Although it is still early in the legislative session, my colleagues and I inHartfordhave been very busy tackling the issues facing our State and community this year.
One of the most publicized matters this session is the Governor’s education bill (Senate Bill 24), which attempts to reform many aspects of the State’s educational system, including teacher tenure, early childhood education, teacher evaluations, school funding and small district regionalization.
The Education Committee hosted two days of public hearings where they took in many hours of testimony on the subject from teachers, administrators, parents, students and educational organizations, who all weighed in with both praise and criticism.
Earlier in February, I hosted a “Community Conversation on the Governor’s Education Reform Initiatives” at the Phoebe Griffin Noyes Library, and I was pleased to be joined by over 30 teachers, parents, and local education activists. This was a great opportunity to hear input from several communities on how the different proposals in the bill will affect the different school districts
As the Ranking Member on the Legislature’s Education Committee, I will be able to take a front seat in addressing issues with the education system. Making sure our state education dollars are spent effectively will yield better results forConnecticutstudents. There is no question that everyone is ready and willing to tackle the challenge of closing the achievement gap.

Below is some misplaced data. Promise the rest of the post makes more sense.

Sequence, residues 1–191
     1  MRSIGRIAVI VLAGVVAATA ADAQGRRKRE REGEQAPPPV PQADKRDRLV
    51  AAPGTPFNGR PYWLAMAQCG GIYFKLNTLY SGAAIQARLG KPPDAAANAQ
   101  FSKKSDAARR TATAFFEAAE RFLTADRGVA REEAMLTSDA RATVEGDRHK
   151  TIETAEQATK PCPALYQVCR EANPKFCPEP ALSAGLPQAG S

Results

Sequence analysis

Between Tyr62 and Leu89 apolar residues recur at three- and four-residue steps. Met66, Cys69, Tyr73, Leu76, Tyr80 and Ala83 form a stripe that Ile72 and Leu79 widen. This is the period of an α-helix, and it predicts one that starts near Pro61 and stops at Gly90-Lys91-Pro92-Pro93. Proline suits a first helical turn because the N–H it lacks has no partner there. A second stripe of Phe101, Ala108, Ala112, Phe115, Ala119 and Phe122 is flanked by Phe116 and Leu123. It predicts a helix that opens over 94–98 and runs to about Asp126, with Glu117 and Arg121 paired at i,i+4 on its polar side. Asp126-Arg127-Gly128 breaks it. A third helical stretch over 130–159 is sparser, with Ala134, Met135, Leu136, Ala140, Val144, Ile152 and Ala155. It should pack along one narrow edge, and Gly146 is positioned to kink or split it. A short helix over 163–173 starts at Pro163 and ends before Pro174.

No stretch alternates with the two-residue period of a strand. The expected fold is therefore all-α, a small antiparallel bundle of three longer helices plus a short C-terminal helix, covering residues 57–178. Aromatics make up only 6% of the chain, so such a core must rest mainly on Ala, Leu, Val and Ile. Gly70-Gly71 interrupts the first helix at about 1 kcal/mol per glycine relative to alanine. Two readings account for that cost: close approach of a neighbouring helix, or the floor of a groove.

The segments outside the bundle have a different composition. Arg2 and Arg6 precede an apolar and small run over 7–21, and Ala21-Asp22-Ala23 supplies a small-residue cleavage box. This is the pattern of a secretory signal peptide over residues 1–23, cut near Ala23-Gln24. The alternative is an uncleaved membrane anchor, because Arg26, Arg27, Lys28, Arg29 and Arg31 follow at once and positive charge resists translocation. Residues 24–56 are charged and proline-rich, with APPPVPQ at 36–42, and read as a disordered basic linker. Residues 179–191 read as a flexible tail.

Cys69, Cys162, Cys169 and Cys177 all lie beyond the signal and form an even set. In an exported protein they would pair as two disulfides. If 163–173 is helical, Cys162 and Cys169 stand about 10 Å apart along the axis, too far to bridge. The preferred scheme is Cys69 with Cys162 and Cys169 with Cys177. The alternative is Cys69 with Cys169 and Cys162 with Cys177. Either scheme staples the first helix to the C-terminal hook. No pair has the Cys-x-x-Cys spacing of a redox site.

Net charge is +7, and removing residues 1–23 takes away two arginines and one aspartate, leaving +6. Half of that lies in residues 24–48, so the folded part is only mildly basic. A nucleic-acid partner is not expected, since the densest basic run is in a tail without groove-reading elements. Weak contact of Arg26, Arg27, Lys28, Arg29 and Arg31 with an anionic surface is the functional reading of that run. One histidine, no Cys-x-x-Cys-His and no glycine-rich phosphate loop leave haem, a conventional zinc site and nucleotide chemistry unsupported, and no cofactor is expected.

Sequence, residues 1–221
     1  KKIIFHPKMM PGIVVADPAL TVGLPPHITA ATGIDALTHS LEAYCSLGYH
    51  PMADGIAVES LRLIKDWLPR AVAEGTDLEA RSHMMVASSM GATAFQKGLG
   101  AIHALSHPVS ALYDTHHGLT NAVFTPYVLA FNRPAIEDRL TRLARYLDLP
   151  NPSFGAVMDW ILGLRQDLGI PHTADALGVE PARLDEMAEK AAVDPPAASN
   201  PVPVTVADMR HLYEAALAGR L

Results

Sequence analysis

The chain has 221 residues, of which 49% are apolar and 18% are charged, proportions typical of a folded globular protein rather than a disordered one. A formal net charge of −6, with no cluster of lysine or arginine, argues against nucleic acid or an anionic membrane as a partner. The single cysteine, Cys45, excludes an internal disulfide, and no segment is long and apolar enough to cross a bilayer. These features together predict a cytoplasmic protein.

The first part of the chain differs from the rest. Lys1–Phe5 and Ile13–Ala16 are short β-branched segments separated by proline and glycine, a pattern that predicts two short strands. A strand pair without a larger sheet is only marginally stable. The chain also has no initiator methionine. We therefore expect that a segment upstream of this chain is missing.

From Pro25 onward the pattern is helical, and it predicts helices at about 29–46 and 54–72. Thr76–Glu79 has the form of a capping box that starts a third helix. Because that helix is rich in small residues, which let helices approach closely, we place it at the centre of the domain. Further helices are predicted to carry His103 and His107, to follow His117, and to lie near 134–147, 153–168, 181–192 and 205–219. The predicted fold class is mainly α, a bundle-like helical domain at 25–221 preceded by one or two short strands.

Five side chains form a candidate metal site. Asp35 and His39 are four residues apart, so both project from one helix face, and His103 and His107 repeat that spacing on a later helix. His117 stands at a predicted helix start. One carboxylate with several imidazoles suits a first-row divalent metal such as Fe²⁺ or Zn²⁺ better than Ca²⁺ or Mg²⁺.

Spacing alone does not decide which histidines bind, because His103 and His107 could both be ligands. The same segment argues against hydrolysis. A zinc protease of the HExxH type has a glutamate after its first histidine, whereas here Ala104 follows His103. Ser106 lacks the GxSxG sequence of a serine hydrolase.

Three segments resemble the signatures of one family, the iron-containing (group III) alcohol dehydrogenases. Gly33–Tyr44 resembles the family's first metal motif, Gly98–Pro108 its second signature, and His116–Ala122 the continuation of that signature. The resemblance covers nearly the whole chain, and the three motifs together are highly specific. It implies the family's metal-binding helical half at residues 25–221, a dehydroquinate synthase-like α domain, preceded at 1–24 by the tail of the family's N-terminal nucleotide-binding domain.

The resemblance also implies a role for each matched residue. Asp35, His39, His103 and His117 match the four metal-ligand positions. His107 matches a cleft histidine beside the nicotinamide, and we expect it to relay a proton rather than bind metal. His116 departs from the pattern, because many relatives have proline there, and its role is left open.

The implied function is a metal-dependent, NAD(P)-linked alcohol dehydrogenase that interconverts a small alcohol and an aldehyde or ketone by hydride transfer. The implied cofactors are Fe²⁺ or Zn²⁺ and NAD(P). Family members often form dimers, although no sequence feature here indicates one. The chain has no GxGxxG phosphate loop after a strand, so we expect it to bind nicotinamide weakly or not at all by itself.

An educated workforce is the backbone of every strong economy and I look forward to a continued dialogue about the degree to which these education reforms will accomplish our common goal of better preparing our children for the competitive job market.
And finally, the state budget and economy are of the utmost importance during this “short” session, as the State Constitution requires the legislature to focus on budgetary, revenue and financial matters on even-numbered years.
We are currently predicted to end the year with a $236 million deficit – putting our state budget in a perilous position. The Treasurer reports that the state’s available cash on hand reached record low this year of $67 million, which is enough to keep the lights on for only a few days.
Additionally, while the current adopted budget includes $260 million in spending increases, the Governor has proposed another $329 million increases, bringing us to a total increase of over a half billion dollars between this year and next, placing us at a mere $6 million under the spending cap next year.
Clearly there is a lot of work that needs to be done to get our fiscal house in order, and I am continuing my daily efforts to do that in a responsible manner.
As always, I welcome your input on these and all issues coming before the legislature. Please contact me with your thoughts and questions by calling 800-842-1423 or emailing me at Marilyn.Giuliano@housegop.ct.gov.